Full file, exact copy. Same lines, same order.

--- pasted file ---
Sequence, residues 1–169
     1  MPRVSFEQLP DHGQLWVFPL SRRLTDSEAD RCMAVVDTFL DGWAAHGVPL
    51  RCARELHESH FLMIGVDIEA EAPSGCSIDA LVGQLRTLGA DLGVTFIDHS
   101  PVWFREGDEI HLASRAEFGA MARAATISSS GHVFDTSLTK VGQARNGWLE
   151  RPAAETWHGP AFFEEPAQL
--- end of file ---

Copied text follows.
Sequence, residues 1–169
     1  MPRVSFEQLP DHGQLWVFPL SRRLTDSEAD RCMAVVDTFL DGWAAHGVPL
    51  RCARELHESH FLMIGVDIEA EAPSGCSIDA LVGQLRTLGA DLGVTFIDHS
   101  PVWFREGDEI HLASRAEFGA MARAATISSS GHVFDTSLTK VGQARNGWLE
   151  RPAAETWHGP AFFEEPAQL